Finland’s recent decision to deport an Afghan family to Kabul has triggered debate about the country’s history of forcing asylum seekers to return to potential conflict areas.

As reported by Yle online, Finland changed its guidance for assessing asylum applications from Somali, Iraqi and Afghan nationals, making it easier to reject asylum claims and therefore deport people back to those countries. However, opponents point out that these countries are still considered unsafe for visitors.

Controversial deportation decisions are not a new phenomenon. Yle’s Finnish-language news reviewed deportation dramas that played out in 1990 and 2002.

In 1991, Soviet national Oleg Kozlov hijacked an airliner en route from Riga to Murmansk and ordered the pilot to land in Stockholm. But the plane unexpectedly taxied into Helsinki.

Five days later, Helsinki-Vantaa airport received another unscheduled flight. This one had been commandeered by Mikhail Varfolomeyev, who was also trying to get to Stockholm.

Both men applied for asylum in Finland, claiming persecution in their native Soviet Union for their refusal to serve in the military. At the time the Soviet Union was embroiled in war in Afghanistan and conscientious objectors were labelled as mentally ill and as “invalids”, and were stripped of many of the rights accorded to ordinary citizens. They were not allowed to marry, hold jobs, study or leave the country.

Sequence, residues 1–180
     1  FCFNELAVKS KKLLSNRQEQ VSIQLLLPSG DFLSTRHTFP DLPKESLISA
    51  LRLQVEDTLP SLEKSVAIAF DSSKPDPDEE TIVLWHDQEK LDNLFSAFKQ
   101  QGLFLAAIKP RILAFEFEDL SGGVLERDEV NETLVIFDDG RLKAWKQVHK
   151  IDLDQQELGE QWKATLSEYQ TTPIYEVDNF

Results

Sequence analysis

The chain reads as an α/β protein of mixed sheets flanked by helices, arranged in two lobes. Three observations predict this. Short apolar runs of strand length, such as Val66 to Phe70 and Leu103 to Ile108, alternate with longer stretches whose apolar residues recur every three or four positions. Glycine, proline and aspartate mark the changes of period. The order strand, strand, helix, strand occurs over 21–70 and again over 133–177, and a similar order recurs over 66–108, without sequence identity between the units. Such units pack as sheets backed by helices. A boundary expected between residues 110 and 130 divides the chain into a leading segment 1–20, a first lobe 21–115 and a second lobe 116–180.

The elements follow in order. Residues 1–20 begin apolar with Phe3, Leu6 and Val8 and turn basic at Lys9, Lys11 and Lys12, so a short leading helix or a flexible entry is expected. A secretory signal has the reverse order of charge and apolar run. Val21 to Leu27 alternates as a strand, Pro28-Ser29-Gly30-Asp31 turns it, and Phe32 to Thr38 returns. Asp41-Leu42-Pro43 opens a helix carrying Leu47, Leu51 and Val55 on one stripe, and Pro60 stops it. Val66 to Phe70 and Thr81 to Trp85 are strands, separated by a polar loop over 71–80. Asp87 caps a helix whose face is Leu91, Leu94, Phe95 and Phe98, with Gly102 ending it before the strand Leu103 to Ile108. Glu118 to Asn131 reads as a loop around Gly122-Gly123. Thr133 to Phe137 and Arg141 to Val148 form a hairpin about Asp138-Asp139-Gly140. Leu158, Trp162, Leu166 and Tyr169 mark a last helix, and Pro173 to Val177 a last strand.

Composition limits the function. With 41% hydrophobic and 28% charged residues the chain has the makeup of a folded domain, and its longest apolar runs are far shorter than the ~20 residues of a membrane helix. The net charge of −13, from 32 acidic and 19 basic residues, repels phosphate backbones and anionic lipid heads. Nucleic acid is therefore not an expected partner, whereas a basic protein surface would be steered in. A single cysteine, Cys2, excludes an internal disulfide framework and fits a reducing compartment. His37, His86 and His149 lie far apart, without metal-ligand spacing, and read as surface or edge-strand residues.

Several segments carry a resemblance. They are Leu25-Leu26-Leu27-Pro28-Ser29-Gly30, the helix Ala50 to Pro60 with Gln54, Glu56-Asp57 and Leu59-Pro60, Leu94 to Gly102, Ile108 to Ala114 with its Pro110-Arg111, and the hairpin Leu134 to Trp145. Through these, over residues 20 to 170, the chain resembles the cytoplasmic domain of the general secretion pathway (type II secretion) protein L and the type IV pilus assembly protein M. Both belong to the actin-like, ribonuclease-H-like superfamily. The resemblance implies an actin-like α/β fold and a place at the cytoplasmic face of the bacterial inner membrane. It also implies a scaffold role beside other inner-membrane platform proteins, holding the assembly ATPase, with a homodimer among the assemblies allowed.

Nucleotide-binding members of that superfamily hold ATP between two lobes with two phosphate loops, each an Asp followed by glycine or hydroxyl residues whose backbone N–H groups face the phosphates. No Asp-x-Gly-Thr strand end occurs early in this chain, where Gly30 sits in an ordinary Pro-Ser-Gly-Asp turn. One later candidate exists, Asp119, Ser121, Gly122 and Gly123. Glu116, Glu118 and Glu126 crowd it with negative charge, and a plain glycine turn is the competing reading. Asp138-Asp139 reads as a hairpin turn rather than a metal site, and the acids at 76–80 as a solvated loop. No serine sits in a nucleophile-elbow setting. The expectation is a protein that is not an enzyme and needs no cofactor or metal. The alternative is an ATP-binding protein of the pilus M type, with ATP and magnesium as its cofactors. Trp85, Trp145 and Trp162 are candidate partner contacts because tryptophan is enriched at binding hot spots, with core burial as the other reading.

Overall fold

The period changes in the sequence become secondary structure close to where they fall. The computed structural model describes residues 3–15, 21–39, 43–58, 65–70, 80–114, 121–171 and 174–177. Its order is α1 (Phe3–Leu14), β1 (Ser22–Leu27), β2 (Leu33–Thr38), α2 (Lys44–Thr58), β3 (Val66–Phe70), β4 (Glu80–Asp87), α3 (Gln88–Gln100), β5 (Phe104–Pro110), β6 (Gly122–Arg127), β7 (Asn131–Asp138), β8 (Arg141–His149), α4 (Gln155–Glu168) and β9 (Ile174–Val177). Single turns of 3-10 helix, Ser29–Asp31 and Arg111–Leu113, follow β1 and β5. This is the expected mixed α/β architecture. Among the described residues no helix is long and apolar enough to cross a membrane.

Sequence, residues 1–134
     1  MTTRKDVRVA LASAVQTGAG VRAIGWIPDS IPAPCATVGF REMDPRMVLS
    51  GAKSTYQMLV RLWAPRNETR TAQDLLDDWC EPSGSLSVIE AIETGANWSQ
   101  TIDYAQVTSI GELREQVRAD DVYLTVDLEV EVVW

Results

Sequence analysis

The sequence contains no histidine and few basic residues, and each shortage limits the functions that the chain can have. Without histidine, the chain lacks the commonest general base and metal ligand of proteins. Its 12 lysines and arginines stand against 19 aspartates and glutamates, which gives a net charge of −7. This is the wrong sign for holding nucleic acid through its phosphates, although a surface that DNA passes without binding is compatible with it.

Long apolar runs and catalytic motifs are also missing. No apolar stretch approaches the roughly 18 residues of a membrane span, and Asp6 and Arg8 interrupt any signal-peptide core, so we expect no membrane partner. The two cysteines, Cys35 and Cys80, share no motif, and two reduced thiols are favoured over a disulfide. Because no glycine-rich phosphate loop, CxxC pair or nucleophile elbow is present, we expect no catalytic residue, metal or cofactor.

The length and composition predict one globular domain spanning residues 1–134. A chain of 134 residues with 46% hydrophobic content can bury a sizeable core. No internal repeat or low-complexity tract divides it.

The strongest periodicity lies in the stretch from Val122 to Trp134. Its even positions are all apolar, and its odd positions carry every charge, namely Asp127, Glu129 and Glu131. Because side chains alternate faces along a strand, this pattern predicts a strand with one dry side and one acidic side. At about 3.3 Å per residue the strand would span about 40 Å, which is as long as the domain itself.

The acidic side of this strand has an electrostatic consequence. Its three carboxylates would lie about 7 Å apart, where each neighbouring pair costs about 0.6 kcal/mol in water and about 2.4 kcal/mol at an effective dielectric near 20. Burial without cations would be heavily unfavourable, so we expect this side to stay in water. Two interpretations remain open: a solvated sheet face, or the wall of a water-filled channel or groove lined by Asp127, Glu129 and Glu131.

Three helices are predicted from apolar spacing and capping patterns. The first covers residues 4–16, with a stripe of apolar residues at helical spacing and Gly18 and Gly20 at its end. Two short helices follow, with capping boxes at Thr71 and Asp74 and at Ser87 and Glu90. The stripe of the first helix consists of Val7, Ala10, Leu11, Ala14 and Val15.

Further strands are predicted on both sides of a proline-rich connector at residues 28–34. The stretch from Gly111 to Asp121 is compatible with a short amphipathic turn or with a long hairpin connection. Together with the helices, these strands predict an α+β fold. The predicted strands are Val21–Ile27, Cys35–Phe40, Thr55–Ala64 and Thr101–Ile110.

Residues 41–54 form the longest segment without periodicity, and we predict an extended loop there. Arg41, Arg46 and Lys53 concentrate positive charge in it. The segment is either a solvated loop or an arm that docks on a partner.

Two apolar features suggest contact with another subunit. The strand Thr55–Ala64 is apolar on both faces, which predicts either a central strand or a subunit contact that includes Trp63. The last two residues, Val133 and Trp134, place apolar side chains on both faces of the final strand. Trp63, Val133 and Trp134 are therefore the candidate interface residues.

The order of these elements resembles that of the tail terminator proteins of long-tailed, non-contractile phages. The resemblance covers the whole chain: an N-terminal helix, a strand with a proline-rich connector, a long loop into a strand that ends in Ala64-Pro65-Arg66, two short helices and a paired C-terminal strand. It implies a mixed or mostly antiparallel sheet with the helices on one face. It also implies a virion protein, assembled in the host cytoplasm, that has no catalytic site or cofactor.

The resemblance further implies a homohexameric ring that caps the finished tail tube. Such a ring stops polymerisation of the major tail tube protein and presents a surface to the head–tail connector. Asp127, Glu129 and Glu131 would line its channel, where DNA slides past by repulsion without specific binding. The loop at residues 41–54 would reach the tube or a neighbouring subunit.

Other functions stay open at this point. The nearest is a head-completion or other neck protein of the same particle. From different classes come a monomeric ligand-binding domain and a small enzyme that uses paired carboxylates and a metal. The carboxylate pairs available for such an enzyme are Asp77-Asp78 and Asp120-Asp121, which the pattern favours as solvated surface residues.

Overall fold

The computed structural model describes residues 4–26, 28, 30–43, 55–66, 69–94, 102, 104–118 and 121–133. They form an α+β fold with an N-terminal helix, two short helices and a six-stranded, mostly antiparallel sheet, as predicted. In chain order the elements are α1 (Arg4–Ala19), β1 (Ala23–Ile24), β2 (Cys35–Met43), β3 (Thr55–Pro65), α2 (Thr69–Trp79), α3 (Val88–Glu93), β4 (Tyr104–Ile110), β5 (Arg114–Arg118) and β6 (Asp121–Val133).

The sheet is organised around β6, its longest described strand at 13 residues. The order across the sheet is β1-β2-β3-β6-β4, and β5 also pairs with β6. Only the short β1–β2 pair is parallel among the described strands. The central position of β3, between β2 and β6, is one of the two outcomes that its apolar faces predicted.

Finland decided not to grant the Soviet defectors asylum. Once back in the Soviet Union, Kozlov was sentenced to five years in a labour camp. Varfolomeyev, meanwhile, was handed a four-and-a-half-year suspended sentence. Kozlov served his sentence in one of five labour camps in the Soviet Socialist Republic of Latvia.

Another case involved a Ukrainian family, the Shimanskyis, who sought asylum in Finland in 2001. They were refused.

Officials first attempted to deport the family in August 2002, but failed because family members put up a fierce resistance to the deportation effort. Police renewed their efforts in October after drugging the entire family – mother, father and two children aged 11 and 12 – with a sedative.

According to the family, they were not informed of what substance was administered, despite their queries. Under the effects of the sedation, the family was transported from an asylum seeker reception centre in Oravainen to Katajanokka in Helsinki, before being flown to the Ukrainian capital Kiev.

A report revealed that the Shimanskyis were not an isolated forced-drugging case. It later emerged that Finland had opted to sedate other individuals due for deportation in previous years.

Current police board guidelines forbid the use of sedatives or other drugs to facilitate forced returns.